buried-in-papers_thumb.jpgIt’s a fact: clutter can be overwhelming.

Whether it’s a four-day pile of unopened mail or many years of paper piles, there comes a point when the idea of tackling it becomes daunting.

Maybe it’s just the spare closet filled with clothes you may or may not wear, or perhaps the entire guest bedroom is overflowing with clothes and you can’t muster the energy to separate what fits and is flattering from what’s outdated or no longer appropriate for your lifestyle.

Here’s the thing. The longer you wait for the “perfect” time or “enough” time to tackle the entire clutter project – whatever it may be – the longer it’s going to build and build and nothing will get done and trust me when I tell you: clutter has negative energy that can affect you mentally, emotionally, and physically. It can damage relationships, sometimes tearing families apart.

Fear not; I bring you tidings of great joy – well, maybe not of great joy, but of hope. No matter how big your clutter issue is, it’s not hopeless.

Ready? Stop looking at the big intimidating clutter picture and start breaking that clutter project down into manageable bits. Clutter’s ability to overwhelm you diminishes when you begin to chip away and see progress. Remember that fable about the tortoise and the hare? It’s true: Slow and steady can win the race.

Instead of thinking, “I need four hours to open and process my mail,” try this: “Each day I will open and process today’s mail PLUS ten pieces from that big ol’ pile.”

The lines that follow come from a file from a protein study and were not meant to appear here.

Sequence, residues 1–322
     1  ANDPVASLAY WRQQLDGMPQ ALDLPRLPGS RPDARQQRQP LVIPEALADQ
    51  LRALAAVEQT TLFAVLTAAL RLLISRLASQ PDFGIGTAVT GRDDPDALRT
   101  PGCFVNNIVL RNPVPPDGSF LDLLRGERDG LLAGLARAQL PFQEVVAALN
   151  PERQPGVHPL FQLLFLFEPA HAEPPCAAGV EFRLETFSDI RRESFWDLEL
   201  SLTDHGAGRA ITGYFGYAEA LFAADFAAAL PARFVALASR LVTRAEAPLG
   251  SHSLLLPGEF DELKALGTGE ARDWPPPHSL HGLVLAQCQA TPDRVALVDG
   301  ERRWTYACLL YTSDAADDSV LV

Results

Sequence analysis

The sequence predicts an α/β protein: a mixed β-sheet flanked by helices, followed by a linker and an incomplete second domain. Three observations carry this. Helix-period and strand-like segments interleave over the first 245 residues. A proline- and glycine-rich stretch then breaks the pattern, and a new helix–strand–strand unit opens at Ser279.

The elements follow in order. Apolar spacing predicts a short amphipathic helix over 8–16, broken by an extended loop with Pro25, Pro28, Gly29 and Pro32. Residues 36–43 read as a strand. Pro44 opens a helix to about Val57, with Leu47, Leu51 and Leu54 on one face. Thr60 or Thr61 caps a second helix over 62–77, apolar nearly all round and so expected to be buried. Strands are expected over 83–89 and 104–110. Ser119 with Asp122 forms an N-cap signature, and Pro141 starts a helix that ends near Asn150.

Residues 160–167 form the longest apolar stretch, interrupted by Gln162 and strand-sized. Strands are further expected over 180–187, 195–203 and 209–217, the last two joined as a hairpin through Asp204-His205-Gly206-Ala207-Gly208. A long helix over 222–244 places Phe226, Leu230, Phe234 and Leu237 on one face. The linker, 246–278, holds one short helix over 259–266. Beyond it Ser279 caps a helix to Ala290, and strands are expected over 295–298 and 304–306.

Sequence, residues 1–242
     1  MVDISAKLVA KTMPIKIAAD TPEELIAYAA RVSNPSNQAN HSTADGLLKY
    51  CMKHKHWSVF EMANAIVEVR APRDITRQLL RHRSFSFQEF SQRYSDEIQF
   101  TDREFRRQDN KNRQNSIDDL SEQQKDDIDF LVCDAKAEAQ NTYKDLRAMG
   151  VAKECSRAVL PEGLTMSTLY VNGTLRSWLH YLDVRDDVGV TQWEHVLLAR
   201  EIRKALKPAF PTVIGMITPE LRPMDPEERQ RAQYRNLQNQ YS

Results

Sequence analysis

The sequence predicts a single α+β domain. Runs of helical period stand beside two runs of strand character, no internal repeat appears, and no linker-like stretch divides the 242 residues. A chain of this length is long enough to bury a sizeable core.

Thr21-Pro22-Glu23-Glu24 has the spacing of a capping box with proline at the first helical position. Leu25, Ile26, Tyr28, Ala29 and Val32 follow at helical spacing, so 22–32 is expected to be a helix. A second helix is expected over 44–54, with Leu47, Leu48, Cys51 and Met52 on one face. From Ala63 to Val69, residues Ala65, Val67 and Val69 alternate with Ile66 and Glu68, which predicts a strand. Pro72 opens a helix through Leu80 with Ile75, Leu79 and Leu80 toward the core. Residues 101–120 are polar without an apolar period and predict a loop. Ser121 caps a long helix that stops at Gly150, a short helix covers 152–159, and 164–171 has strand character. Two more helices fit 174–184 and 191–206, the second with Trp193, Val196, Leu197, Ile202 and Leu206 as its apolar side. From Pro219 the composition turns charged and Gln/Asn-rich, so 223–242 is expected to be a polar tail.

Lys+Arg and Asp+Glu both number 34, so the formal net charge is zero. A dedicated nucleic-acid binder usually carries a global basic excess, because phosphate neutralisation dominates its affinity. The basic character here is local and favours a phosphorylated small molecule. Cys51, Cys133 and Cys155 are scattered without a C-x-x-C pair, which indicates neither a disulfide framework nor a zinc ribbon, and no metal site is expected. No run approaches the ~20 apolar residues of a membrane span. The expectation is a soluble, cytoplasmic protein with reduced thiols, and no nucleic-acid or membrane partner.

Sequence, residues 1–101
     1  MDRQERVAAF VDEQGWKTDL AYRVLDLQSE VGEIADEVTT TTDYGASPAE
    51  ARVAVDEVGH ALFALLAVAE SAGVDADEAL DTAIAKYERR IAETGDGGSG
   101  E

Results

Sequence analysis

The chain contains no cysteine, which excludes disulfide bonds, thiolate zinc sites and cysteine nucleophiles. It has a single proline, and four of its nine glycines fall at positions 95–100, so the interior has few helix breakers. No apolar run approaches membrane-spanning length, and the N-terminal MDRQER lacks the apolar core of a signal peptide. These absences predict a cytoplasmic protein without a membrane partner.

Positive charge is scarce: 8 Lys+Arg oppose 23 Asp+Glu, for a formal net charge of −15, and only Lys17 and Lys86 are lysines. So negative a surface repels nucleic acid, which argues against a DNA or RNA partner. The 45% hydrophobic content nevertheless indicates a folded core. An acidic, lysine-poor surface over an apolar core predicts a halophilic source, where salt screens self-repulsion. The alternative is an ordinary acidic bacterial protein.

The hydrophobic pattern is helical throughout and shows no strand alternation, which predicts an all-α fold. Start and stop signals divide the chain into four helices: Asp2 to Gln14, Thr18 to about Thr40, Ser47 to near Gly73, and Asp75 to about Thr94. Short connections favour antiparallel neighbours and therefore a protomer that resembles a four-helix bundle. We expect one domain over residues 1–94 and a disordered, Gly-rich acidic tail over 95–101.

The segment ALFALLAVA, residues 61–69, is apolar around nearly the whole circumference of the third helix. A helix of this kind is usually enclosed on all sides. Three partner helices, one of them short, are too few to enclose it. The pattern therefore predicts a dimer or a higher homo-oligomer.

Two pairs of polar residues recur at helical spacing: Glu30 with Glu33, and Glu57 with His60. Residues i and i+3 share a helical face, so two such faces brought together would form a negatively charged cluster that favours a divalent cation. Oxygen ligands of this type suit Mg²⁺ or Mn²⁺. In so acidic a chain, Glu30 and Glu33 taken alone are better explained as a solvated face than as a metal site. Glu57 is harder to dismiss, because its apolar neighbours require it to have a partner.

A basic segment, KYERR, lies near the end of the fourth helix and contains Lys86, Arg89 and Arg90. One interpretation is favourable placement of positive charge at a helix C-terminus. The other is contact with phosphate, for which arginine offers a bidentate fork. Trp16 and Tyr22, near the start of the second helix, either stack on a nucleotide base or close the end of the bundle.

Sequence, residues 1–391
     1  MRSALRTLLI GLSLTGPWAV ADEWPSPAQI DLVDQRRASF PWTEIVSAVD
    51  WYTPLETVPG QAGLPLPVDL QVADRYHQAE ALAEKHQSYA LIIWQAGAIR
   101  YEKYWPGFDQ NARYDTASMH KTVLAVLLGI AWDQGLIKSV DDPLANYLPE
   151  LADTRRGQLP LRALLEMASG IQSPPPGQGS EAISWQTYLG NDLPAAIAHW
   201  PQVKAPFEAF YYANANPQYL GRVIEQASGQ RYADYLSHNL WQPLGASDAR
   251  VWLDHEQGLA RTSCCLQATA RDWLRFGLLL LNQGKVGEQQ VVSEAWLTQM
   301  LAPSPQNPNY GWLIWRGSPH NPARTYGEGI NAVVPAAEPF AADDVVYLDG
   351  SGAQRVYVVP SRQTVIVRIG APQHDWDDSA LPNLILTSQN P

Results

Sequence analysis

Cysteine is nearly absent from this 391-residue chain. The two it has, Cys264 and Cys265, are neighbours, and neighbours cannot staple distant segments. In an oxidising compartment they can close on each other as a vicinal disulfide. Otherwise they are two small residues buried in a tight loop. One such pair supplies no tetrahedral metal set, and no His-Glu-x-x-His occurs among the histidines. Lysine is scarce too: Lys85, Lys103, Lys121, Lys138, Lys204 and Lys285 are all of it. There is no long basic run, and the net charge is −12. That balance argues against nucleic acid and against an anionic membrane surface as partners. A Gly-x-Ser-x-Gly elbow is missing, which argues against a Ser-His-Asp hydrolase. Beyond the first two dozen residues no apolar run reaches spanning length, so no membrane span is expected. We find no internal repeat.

If there are paper piles everywhere, gather ‘em up. Fill a bin or two or ten. Start with broad categories: Shred/Recycle/Toss/File/Pay/To Do and dig in. Put on some music that will calm or energize you and focus for a set period of time. Make it a game: see how much you can accomplish in 15 minutes and try to break your record by doing a little more tomorrow. Instead of just watching your favorite TV show, use that as a timer and sort papers in the bin. TV AND progress – win-win!

Don’t focus on the roomful of clothing. How about getting up 15 minutes earlier each morning to try on three or four items in that room. Decide if it’s keep, sell, or donate and then move on with your day. Wash, rinse, repeat.

If it’s a hodgepodge of clutter, pick something and gather “like with like” – all wrapping paper, all books, all seasonal decor, all garbage – whatever it is, gather it up and attack the room one “thing” at a time. Where should all those books live? You can’t put something away if it doesn’t have a home…

Wait, that’s a blog post for another day. I’ll leave you with this “What About Bob” movie clip. I discuss this concept with clients all the time:

Baby steps. Go ahead, get started. And remember: It’s not hopeless.

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